With roots deeply planted in Central California, where they immersed themselves in agriculture, husband-and-wife duo, Terra Bella (Joseph and Martina Costa) toured up and down the West Coast playing clubs and rodeos as well as opening for national acts such as Lee Brice, Gary Allan, Montgomery Gentry, Thomas Rhett and more. In August of 2013, the pair decided to move 2,200 miles across the nation to "Music City, USA" committing to their musical purpose. In 2016, their debut EP Road To Forever came to fruition and scored the duo's first Billboard Indicator (#51) and Music Row (#42) charting song with the single "You've Got That Somethin'."
Since the release of Road To Forever, Terra Bella has been endlessly writing new material for a much- anticipated album, produced by Johnny Garcia, due in early 2018. The duo recently released the first single from that album, "Before You," on October 24th. The heartwarming, hopeful mid-tempo tune, sung by Martina, is an ode to the one who helped make you whole again.
"I was careless, lost, and broken
Careless, lost, and broken before you"
Watch below as the duo perform an acoustic rendition of "Before You" below.
For more information visit HERE.
With seven albums and years of touring already under his belt, respected Texas singer-songwriter Drew Kennedy is hardly new to the music scene. On November 3rd he releases At Home In The Big Lonesome. Produced by Dave Brainard (Brandy Clark, Jamey Johnson), the eleven track collection combines Kennedy’s well honed writing skills and soulful vocals with piano and strings alongside the more traditional acoustic instrumentation on his previous albums. The departure works well and serves as a perfect sonic backdrop for the evocative nature of the songs.
The tender, piano ballad ,“When I’ll Miss You Most” draws the listener in immediately with its reflections on the death of a lover, “With a steaming cup of coffee, and the paper by my side/ I can’t bring myself to read it ‘cause I know your life’s inside”, and the knowledge that memories of her will remain intact as he navigates the future without her. “Sing This Town To Sleep” and “Jackson” are sweetly nostalgic with the former celebrating the joy of sharing the small town life with the one you love while the latter recalls memories of a past relationship, “We sang along with The Jackson Five/Made love to Jackson Browne.”
Co-written by Kennedy and Sean McConnell, “24 Hours In New York City” takes the listener along on a young, teenaged couple’s impulsive roadtrip complete with vivid descriptions of the sights and sounds. “Cream And Sugar” brings you along on the excitement a blind date in a coffee shop as you follow the inner monologue of the guy trying to quell his nerves and minimize expectations.
The simple sounds of acoustic guitar and harmonica drive “Miles To Go” which uses roadtrip necessities as a guide for living a good life, “Keep a map in the glovebox and cut a path to the sweet unknown” while “House” conveys advice in more of a “how not to” guide for a crumbling relationship, “Not saying what needs saying is a sure fire way to let that fire die/And going through the motions is only good if you don’t wanna try/ I ain’t no architect but I know without a doubt, how to turn a home into a house.”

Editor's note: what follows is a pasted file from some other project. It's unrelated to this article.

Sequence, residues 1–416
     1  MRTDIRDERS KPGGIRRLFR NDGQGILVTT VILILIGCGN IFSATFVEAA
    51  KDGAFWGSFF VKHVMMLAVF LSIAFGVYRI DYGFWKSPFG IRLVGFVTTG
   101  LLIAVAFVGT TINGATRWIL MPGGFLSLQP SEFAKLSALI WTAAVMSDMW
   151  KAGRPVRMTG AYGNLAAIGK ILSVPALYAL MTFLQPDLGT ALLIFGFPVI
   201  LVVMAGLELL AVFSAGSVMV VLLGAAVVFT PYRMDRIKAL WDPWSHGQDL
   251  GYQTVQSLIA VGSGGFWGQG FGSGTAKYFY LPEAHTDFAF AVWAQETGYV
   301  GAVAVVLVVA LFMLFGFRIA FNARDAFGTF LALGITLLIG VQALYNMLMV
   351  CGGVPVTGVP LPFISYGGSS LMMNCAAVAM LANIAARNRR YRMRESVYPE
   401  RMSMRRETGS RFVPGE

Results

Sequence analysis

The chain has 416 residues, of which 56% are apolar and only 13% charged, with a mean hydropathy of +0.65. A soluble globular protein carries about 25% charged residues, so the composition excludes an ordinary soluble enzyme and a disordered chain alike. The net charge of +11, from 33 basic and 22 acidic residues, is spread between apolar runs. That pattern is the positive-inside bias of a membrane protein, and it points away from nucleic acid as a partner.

At Home In The Big Lonesome closes with a beautifully done cover of Walt Wilkins’ “Walnut Street” which serves as a reminder that no matter whose name is on the deed, a house is a vessel containing the memories of all who lived there. It’s a fitting way to close an album of songs about memories; some likely personal and others possibly conjured of out empathy and understanding of the human condition.
To find out more about the artist, his music and touring schedule, visit his website at www.drewkennedymusic.com.
Newly minted Angeleno Sam Marine will release his third cd, Big Dark City, on November 17th. Produced by Brian Whelan, the five-track outing delivers a smokin’ dose of straight up roots rock that’s all at once edgy, personal, complex, dark, and vulnerable. Marine and company (Whelan on guitar and organ, Mitch Marine on drums, and Aaron Stern on bass) kick things off with the thumping percussion and driving guitars of the title track, a tune that’s permeated with an underlying sense of both unease and excitement, “I ain't really been to sleep for very long just yet/I'm a couple drinks ahead of you I'll bet.”
From there Big Dark City segues into the urgency of “Dawn Come and Gone,” which begins with echoes of Mellencamp then travels to warp speed as he laments finding himself alone after a night of tending bar (Marine also works as a bartender), the pounding, anthemic “Freeze Em Out,” and the weighty “I’ll Soon be Gone,” where Marine’s rasp conveys the inner turmoil of self-imposed emotional isolation, “Nobody really knows me, good enough to know something's wrong/Sitting here all alone all night, clenching on my jaw.” Big Dark City closes with “Mike Lee,” a warm tribute to a good friend who passed way, and a song that provides the perfect closer, offering a dose of comfort in the fact that even though the city is often big, dark, and lonely, there are still good people who have your back.
While one may have to be cautious in the city after the sun goes down, you needn't be wary of this Big Dark City as each track offers Marine's insights into life's complexities that are deliberate, reflective...and intoxicating.
With a career that has produced nearly twenty hit singles, including three #1's, as well as chart-topping albums and sales in the millions, Darryl Worley returns with a brand new track, "Lonely Alone."
Truer words were never spoken in the poignant, heart-tugging mid-tempo tune that gently sways along as Worley sings without sorrow or regret, simply conveying a realistic, sad truth.
"If I'm gonna be lonely
I might as well be gone
If I'm gonna be lonely girl
I'd rather be lonely alone"
Purchase "Lonely Alone" HERE